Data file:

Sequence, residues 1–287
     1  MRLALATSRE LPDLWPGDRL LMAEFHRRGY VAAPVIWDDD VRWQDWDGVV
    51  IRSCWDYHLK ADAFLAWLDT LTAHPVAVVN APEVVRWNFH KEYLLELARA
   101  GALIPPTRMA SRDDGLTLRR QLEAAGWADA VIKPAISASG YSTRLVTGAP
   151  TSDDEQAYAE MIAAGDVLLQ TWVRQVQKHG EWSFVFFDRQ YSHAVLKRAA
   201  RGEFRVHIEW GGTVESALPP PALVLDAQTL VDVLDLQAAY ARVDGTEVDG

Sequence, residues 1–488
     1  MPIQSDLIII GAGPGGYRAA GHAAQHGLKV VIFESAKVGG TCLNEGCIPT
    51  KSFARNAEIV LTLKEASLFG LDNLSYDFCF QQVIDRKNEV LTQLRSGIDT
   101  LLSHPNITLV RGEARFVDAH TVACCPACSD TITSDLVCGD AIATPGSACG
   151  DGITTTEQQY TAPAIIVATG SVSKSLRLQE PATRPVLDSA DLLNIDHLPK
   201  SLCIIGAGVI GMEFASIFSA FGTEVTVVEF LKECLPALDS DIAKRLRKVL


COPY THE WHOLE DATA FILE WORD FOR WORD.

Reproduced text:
Sequence, residues 1–287
     1  MRLALATSRE LPDLWPGDRL LMAEFHRRGY VAAPVIWDDD VRWQDWDGVV
    51  IRSCWDYHLK ADAFLAWLDT LTAHPVAVVN APEVVRWNFH KEYLLELARA
   101  GALIPPTRMA SRDDGLTLRR QLEAAGWADA VIKPAISASG YSTRLVTGAP
   151  TSDDEQAYAE MIAAGDVLLQ TWVRQVQKHG EWSFVFFDRQ YSHAVLKRAA
   201  RGEFRVHIEW GGTVESALPP PALVLDAQTL VDVLDLQAAY ARVDGTEVDG

Sequence, residues 1–488
     1  MPIQSDLIII GAGPGGYRAA GHAAQHGLKV VIFESAKVGG TCLNEGCIPT
    51  KSFARNAEIV LTLKEASLFG LDNLSYDFCF QQVIDRKNEV LTQLRSGIDT
   101  LLSHPNITLV RGEARFVDAH TVACCPACSD TITSDLVCGD AIATPGSACG
   151  DGITTTEQQY TAPAIIVATG SVSKSLRLQE PATRPVLDSA DLLNIDHLPK
   201  SLCIIGAGVI GMEFASIFSA FGTEVTVVEF LKECLPALDS DIAKRLRKVL